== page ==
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Indian Polity

Delimitation of Jammu and Kashmir

  • 14 Aug 2019
  • 3 min read

Recently, the Election Commission of India held internal discussions on the delimitation of constituencies ahead of elections to the new Union Territory of Jammu and Kashmir

  • According to the Jammu and Kashmir Reorganisation Act, 2019, the number of seats in the Legislative Assembly of the UT of J&K would be increased from 107 to 114.
  • In the new Assembly, 24 seats have been kept aside for areas under Pakistan Occupied Kashmir (PoK), which means elections will be conducted for 90 seats.
  • The Act also specifies that delimitation will be based on the 2011 census till 2026.

Delimitation in India

  • Articles 82 and 170 of the Constitution of India provides for readjustment (Delimitation) and the division of each State into territorial constituencies on the basis of the 2001 census by such authority and in such manner as Parliament may, by law, determine.
    • Accordingly, the Parliament has enacted the Delimitation Commission Acts in 1952, 1962, 1972 and 2002 for this purpose.
  • Further, Articles 330 and 332 of the Constitution of India provides for refixing the number of seats reserved for the Scheduled Castes and Scheduled Tribes in the House of the People and Legislative Assemblies of the States on the basis of the 2001 census.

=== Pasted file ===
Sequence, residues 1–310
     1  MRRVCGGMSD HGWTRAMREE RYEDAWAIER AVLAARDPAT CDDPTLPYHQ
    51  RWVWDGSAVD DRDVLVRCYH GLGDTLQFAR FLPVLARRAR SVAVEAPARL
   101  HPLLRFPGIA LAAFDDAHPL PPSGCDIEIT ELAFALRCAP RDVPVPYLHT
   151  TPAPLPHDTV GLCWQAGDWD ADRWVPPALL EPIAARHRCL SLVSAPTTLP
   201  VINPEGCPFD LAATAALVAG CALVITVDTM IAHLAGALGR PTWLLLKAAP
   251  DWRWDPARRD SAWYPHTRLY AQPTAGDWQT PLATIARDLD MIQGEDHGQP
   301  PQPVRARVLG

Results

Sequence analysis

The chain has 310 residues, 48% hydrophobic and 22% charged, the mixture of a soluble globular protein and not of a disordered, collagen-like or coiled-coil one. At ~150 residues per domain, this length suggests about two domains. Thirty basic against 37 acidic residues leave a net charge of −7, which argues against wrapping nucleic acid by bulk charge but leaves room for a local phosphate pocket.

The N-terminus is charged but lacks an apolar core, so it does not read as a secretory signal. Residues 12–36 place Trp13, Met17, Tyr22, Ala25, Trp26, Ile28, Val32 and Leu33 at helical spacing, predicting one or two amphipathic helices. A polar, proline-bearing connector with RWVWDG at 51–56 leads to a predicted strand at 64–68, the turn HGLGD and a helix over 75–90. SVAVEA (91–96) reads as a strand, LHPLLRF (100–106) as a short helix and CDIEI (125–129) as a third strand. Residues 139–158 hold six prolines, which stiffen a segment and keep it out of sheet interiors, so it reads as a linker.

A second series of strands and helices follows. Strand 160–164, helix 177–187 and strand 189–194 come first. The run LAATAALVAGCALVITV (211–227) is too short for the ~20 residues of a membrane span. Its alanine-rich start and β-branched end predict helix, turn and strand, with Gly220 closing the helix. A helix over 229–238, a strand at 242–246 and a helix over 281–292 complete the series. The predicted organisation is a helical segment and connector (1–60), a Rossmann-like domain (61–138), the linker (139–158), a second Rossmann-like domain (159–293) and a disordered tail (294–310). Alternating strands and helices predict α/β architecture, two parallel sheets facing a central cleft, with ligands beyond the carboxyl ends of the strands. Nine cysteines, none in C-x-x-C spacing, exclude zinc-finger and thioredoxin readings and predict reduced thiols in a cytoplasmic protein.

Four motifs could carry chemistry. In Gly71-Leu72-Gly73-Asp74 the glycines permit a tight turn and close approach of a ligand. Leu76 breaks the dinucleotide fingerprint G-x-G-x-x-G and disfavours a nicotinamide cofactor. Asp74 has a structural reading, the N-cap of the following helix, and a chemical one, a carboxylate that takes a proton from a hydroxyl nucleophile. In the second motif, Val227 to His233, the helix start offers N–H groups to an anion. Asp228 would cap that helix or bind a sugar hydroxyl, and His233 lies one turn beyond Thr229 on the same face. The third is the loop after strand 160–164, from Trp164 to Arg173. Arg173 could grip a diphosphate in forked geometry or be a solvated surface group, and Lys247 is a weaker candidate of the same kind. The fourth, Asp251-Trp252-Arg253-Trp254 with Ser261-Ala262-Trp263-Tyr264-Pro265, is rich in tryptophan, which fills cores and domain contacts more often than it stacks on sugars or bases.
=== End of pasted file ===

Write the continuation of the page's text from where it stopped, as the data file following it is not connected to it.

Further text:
Need for Delimitation

  • The uneven growth of population in different constituencies in different parts of the country as well as within the same state.
  • Also, continuous migration of people / electorate from one place to another especially from rural areas to urban areas have resulted in strikingly different sizes of electoral constituencies even within the same State.
  • So, after every census, a readjustment is to be made in:
    • Allocation of seats in the Lok Sabha to the states
    • Division of each state into territorial constituencies.
  • However, the 42nd Amendment Act of 1976 froze the allocation of seats in the Lok Sabha to the states and the division of each State into territorial constituencies till the year 2000 at the 1971 level.
  • Further, by the 84th Amendment Act of 2001, this ban on readjustment was extended for another 25 years (i.e., upto year 2026), without affecting the total number of seats based on the 1971 census.
    • The 84th Amendment Act of 2001 also empowered the government to undertake readjustment and rationalisation of territorial constituencies in the states on the basis of the population figures of 1991 census.
    • Later, the 87th Amendment Act of 2003 provided for the delimitation of constituencies on the basis of the 2001 census and not 1991 census.
  • Delimitation of constituencies is carried out by the Simple Majority of Parliament.
  • Also delimitation exercise cannot be questioned in any court.

Source: TH

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